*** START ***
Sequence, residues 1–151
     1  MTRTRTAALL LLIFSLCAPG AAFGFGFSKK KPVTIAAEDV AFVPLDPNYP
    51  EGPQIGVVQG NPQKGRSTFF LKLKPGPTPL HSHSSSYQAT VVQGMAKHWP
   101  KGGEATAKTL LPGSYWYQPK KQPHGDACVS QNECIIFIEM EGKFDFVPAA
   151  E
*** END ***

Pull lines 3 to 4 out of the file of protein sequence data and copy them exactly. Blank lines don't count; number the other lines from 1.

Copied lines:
    51  EGPQIGVVQG NPQKGRSTFF LKLKPGPTPL HSHSSSYQAT VVQGMAKHWP
   101  KGGEATAKTL LPGSYWYQPK KQPHGDACVS QNECIIFIEM EGKFDFVPAA